If the literature concerning the alleged adverse effects of naloxone is read carefully, a consistent pattern can be seen. The cases are all anecdotal reports of postoperative patients who have experienced substantial medical complications some minutes after the administration of naloxone during their emergence from anesthesia. The patients, for the most part, underwent major surgery that required large amounts of narcotics and multiple other agents for adequate anesthesia and analgesia. The temporal sequence of events after surgery may implicate naloxone as a causative agent, but the association is weak at best. The conclusion that can be drawn from these cases is only that naloxone should be used judiciously in patients emerging from anesthesia.The use of naloxone as both a diagnostic and therapeutic agent in unconscious patients in the emergency department is not analogous to its use after surgery. When naloxone has been used in acutely poisoned patients,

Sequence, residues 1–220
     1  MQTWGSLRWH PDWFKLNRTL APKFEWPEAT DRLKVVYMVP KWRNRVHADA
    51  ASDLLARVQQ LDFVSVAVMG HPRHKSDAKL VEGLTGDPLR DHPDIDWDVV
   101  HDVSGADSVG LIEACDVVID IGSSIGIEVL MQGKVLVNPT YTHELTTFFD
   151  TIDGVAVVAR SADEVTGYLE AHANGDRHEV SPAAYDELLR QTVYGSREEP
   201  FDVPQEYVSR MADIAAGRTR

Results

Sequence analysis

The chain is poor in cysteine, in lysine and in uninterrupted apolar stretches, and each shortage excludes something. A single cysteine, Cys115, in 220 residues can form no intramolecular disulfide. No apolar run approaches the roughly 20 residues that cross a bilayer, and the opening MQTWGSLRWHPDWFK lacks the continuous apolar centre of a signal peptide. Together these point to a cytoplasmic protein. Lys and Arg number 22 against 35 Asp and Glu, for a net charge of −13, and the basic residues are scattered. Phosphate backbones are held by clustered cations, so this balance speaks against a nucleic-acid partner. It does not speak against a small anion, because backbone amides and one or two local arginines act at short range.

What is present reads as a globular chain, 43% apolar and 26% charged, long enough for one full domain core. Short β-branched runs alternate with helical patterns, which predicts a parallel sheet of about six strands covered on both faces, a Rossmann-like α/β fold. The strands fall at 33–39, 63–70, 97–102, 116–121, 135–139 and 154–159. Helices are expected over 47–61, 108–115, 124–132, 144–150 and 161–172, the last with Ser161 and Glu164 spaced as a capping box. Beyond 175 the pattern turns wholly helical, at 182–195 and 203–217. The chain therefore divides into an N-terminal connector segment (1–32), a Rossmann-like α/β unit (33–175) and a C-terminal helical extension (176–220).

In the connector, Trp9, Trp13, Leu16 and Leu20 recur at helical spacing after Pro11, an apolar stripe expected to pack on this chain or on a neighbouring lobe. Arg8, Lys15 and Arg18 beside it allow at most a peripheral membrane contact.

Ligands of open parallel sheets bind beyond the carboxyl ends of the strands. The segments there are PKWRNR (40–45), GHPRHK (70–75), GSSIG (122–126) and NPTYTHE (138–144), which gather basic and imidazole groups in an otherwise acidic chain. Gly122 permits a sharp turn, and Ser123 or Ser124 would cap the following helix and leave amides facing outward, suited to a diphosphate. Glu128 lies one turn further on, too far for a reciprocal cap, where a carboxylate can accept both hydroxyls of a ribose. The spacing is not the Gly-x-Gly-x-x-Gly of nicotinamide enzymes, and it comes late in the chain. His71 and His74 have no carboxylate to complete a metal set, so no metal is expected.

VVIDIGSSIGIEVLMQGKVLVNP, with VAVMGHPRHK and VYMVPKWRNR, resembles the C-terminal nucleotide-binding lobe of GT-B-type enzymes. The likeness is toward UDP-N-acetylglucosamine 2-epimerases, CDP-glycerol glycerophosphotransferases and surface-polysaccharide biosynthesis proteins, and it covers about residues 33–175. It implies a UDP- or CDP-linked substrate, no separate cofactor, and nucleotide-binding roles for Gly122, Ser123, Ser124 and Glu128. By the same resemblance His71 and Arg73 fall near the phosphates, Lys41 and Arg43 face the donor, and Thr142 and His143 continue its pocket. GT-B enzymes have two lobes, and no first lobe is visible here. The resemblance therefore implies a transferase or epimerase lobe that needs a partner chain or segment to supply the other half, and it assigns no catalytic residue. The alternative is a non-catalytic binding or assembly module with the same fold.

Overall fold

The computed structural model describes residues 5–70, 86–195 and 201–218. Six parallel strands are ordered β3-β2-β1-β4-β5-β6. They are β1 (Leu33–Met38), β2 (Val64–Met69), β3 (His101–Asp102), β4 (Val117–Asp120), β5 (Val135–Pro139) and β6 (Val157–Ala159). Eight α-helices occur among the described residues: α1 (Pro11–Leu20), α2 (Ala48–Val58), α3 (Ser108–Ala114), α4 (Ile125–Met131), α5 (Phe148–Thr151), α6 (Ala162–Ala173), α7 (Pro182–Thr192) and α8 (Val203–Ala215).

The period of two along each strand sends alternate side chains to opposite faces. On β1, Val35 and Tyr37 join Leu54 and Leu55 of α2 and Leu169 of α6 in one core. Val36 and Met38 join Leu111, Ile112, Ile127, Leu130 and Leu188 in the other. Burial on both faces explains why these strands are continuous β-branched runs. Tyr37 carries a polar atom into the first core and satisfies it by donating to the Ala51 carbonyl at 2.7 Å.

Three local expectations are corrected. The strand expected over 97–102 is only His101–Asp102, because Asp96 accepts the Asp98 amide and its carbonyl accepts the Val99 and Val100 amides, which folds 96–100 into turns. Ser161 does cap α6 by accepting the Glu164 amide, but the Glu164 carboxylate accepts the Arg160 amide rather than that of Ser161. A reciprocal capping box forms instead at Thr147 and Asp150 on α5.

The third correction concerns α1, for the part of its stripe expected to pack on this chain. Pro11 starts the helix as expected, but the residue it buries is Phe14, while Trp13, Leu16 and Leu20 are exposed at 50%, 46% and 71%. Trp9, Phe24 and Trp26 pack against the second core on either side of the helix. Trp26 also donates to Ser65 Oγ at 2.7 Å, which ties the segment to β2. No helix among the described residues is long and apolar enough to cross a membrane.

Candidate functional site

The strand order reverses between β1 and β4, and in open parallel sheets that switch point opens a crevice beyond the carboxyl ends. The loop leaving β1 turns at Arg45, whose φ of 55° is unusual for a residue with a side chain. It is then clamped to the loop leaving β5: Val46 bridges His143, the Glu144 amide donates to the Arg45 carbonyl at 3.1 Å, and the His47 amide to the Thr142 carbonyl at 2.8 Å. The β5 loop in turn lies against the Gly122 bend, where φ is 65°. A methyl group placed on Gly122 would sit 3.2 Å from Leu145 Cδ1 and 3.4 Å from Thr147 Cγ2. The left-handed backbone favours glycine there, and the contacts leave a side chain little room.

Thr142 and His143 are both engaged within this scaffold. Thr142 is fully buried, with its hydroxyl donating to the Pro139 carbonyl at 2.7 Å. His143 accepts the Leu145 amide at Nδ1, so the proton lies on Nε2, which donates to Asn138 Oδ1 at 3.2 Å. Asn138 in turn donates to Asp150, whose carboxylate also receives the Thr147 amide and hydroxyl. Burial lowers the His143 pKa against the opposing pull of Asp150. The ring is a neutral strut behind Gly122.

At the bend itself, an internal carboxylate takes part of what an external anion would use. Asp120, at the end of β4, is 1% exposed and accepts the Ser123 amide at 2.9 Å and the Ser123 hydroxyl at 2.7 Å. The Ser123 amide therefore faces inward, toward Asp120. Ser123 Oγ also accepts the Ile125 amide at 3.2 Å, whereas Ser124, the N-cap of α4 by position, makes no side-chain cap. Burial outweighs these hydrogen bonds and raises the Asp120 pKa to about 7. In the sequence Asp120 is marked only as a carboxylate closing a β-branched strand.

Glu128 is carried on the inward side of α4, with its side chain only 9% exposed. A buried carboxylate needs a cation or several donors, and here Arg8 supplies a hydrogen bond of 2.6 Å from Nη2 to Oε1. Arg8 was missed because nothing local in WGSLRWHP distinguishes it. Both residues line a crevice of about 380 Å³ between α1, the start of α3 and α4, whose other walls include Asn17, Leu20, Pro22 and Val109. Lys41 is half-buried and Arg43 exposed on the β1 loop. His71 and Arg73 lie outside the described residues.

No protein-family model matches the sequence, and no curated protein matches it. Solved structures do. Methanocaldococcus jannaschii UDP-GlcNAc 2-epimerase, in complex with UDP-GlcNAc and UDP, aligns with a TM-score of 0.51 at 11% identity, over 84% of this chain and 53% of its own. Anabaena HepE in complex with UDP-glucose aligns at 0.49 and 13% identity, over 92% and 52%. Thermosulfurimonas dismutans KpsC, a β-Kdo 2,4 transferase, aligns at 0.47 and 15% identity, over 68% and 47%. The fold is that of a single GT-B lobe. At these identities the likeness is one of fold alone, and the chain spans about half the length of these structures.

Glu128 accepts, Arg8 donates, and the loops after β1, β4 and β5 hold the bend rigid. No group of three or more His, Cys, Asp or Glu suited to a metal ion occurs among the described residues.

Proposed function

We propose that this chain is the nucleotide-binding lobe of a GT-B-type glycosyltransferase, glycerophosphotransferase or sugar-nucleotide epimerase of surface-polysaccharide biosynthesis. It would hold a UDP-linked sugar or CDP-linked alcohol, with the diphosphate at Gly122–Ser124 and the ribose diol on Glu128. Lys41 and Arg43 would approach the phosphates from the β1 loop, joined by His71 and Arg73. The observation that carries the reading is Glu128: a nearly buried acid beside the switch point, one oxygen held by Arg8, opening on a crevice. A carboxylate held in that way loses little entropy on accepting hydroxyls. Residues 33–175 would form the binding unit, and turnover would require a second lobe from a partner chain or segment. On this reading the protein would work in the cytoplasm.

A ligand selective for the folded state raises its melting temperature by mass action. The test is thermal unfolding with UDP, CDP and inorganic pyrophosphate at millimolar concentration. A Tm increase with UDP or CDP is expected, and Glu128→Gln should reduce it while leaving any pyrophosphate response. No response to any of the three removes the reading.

Kulig K, Rumack BH, Duffy JP. Possible Dangers of Naloxone Use-Reply. JAMA. 1982;248(22):2973. doi:10.1001/jama.1982.03330220018022
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